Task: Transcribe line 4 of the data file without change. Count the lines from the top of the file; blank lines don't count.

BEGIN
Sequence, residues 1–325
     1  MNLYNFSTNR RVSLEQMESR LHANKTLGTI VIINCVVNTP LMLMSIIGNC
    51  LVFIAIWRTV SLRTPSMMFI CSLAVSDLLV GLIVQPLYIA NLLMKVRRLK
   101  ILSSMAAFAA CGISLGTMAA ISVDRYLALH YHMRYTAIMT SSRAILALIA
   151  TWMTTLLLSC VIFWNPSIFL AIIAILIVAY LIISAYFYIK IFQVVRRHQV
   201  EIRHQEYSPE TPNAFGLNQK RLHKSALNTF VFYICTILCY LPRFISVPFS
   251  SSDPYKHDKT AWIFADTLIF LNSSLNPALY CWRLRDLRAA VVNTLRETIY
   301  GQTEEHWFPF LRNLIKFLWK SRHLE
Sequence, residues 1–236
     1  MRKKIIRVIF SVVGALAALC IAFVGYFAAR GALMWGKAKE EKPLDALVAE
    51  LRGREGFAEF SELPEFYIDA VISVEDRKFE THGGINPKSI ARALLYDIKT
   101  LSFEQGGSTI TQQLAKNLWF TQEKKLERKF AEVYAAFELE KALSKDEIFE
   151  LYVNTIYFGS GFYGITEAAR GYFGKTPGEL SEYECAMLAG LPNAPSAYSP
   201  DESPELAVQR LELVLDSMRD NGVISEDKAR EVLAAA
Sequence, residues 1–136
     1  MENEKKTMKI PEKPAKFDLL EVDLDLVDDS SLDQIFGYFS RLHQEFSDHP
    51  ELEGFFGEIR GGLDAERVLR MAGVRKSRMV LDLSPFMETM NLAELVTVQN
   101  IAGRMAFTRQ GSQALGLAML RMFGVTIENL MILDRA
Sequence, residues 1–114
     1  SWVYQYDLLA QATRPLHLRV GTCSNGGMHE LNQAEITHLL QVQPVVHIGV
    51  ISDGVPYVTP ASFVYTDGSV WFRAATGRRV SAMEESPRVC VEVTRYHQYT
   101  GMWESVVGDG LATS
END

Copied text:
   101  ILSSMAAFAA CGISLGTMAA ISVDRYLALH YHMRYTAIMT SSRAILALIA